The Preemptive Education Meeting finds its roots in the Urban Word NYC’s Annual Mentor, Teacher, Educator & Community Activist Training. Now in collaboration with Hip-Hop Theater Festival, the Center for Multicultural Education and Programs at NYU, and Steinhardt School of Culture, Education and Human Development, the meeting aims to examine critical issues that affect today’s youth, while providing creative and practical resources to address them. Using the power of spoken word poetry and hip-hop as the lens to explore language and privilege, participants will learn best practices in student-centered and critical pedagogy from professionals in key fields of education, youth development, and spoken word & hip-hop. This conference will take place at NYU on the weekend of Sept. 30-Oct. 2.
This year we are basing the meeting’s workshops (SAT. 10/1 & SUN. 10/2) around three foundational pillars:
· Professional Development
· Community-Service Learning
· Student-Centered Freirian Pedagogy
We are seeking workshop sessions that will focus on the history of Hip-Hop and education, how the movement has progressed including an overview of the many resources currently available for educators. These workshops will also incorporate a theoretical model for developing and utilizing a Critical Hip-Hop Pedagogy. They will also present a “Hip-Hop & Social Justice model for Hip-Hop and education, as well as samples of practical application, because at its root a hip-hop pedagogy seeks to produce an authentic relationship between hip-hop and educational development.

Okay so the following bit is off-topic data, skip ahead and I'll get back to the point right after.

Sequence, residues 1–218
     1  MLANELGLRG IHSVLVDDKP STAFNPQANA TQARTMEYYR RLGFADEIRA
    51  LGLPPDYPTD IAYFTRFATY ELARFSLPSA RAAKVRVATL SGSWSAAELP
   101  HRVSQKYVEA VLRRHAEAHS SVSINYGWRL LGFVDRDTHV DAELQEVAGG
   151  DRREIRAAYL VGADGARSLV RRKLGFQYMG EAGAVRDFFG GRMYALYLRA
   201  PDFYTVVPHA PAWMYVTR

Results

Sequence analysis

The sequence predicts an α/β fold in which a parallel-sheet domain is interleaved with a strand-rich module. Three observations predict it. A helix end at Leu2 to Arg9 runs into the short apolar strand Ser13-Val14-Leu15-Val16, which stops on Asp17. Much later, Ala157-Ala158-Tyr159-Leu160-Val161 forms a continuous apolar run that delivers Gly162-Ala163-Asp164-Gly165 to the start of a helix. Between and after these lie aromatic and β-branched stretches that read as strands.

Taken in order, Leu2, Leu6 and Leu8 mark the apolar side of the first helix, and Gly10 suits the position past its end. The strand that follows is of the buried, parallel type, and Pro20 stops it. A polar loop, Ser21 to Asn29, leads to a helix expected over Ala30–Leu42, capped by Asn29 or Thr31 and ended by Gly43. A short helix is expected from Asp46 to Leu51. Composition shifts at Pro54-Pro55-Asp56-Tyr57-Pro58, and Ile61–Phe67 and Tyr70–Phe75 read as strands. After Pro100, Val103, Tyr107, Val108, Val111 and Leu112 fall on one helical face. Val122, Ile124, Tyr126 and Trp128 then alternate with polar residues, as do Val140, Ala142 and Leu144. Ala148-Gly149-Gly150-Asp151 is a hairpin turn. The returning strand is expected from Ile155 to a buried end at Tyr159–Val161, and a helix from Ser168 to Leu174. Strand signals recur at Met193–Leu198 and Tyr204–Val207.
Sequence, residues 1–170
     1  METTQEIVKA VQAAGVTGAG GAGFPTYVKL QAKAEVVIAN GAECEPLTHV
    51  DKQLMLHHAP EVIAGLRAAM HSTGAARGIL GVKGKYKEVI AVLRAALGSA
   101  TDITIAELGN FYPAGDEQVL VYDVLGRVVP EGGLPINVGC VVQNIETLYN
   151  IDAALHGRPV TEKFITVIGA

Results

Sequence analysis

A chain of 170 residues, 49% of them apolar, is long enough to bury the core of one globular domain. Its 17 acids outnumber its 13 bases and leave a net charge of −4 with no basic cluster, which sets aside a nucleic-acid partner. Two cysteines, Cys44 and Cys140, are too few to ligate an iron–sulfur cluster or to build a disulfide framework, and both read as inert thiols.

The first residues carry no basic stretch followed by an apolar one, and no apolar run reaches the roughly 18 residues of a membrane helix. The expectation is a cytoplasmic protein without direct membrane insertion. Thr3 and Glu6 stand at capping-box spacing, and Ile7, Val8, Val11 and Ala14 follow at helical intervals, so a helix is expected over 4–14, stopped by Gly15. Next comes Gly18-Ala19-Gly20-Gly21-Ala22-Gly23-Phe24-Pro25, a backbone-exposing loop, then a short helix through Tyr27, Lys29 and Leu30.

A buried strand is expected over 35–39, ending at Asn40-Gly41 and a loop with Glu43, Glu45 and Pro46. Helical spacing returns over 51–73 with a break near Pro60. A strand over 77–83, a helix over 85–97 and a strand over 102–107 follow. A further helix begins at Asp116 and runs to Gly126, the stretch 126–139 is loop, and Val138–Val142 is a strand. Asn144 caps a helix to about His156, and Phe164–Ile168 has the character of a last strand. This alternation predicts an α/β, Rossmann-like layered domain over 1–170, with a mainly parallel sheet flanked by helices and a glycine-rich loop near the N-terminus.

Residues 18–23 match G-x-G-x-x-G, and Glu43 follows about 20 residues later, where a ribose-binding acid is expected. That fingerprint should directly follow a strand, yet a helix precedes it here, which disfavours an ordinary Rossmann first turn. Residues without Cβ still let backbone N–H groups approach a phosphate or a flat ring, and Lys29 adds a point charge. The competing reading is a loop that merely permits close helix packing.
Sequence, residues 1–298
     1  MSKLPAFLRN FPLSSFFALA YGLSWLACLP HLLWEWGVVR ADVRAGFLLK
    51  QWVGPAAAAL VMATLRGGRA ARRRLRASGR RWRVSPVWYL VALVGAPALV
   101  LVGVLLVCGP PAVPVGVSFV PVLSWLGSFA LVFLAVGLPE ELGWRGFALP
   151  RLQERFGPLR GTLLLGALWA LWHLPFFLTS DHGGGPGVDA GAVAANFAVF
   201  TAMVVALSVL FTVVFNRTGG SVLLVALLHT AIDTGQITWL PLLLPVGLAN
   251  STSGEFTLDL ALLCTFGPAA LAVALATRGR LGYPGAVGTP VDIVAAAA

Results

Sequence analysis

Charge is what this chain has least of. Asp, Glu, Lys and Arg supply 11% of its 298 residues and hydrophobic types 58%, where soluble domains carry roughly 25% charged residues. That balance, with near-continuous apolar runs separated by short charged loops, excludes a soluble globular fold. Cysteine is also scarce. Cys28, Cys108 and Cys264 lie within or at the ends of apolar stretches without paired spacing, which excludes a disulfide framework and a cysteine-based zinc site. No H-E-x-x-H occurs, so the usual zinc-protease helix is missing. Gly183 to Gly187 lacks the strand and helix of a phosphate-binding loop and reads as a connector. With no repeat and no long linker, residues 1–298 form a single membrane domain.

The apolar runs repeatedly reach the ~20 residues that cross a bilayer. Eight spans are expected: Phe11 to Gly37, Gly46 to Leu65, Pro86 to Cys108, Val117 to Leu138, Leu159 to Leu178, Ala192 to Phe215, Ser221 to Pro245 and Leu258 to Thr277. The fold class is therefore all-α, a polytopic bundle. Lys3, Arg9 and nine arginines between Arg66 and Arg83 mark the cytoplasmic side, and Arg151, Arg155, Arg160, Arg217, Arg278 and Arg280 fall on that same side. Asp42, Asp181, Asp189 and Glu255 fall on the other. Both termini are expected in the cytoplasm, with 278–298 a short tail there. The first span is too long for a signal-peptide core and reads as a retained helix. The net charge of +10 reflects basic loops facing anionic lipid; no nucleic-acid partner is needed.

We are also seeking workshops that focus on the incorporation of dramatic exercises based on the arsenal of Theatre of the Oppressed techniques. In these workshops, participants should experience an interactive theatre workshop focusing on their “reading” of the world around them and their contribution to “re-writing” their world as they become agents of change. Finally, we are looking for workshops that will integrate and build from our three foundational pillars.